05.22.20

Tami and I have enjoyed watching Some Good News, a weekly show on YouTube hosted by John Krasinski. In each episode, Krasinski shares the good news he is seeing around the world in the midst of the pandemic. First, it’s noteworthy that he actually believes there is good news to share. So, he seeks to deliver it each week in response to our quarantine and isolation, both of which can and do make many believe good news doesn’t exist now, if it ever did. It’s not a denial of the present situation, but a celebration of the way we human beings can continually respond in adaptive ways to what life throws our way. I hear in his show an answer to the question, “How do we live in this time when life isn’t what it used to be, and we aren’t sure yet what it will be?”

I like the idea of searching for some good news so much that I think it would be a good exercise for us. Where is some good news in our church’s ministry? Our worship services have pivoted online, and we are connecting with more people in many states as well as people locally who don’t normally come to our in-person services. Our commitment to food justice continues in different ways. You can see a picture from 300-feet up, thanks to John Bentley, of how our dedicated Pantry team is handing out food and accommodating the drastic increase in food insecurity and need. JanPeek and Noontime Meal are receiving food deliveries from us thanks to the leadership of Pat Prauda and the people who signed up to make it happen over the last three months. Our Bible studies, commissions and committees are meeting over Zoom to be community, study together, and do the ministry of the church. In the month of May, we are raising Mental Health Awareness, seeking to erase the stigma of mental illness and encourage ways to take care of our mental health. We are finding new ways to do Sunday school with our kids, our youth are meeting weekly together, plans are in the works to celebrate our graduates, meetings are happening for virtual coffee hours on Sundays and games during the week. We haven’t postponed or canceled our ministry. We’ve adapted so that the good news of God’s love in Jesus Christ is known in and through our lives and ministry. In these and many more ways, we are searching for answers to the question above. How do we live in this time when life isn’t what it used to be, and we aren’t sure yet what it will be?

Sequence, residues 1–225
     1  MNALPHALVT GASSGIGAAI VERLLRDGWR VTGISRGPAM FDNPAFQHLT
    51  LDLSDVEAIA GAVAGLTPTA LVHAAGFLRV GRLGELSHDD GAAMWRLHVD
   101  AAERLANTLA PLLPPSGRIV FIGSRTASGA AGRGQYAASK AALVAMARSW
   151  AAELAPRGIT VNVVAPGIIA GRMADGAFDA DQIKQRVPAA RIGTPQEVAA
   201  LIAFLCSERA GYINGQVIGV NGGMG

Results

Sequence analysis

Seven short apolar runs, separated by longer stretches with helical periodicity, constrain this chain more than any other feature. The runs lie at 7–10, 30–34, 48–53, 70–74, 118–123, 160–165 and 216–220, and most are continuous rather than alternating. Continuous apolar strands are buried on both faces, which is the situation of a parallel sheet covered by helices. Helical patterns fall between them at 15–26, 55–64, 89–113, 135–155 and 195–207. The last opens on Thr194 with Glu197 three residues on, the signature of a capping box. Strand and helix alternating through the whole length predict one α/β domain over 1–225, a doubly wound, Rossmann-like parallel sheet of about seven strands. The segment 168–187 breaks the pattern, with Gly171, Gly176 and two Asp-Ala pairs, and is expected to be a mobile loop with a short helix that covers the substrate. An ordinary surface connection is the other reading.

The Apostle Paul wrestled with that same question in his letter to the Romans. One example is this: “I consider that the sufferings of this present time are not worth comparing with the glory about to be revealed to us.” Paul recognized that Christians live in an in-between time, what is often called “liminal space.” The word liminal comes from the Latin word limen which means “threshold” and refers to points or places of entering or beginning. A liminal space is the space/time between “what was” and “what comes next.” It is a place of transition, waiting, and not knowing. In her book Almost Christian: What the Faith of Our Teenagers is Telling the American Church, Dr. Kenda Creasy Dean writes, “Liminal space is where all transformation takes place, if we learn to wait and let it form us.”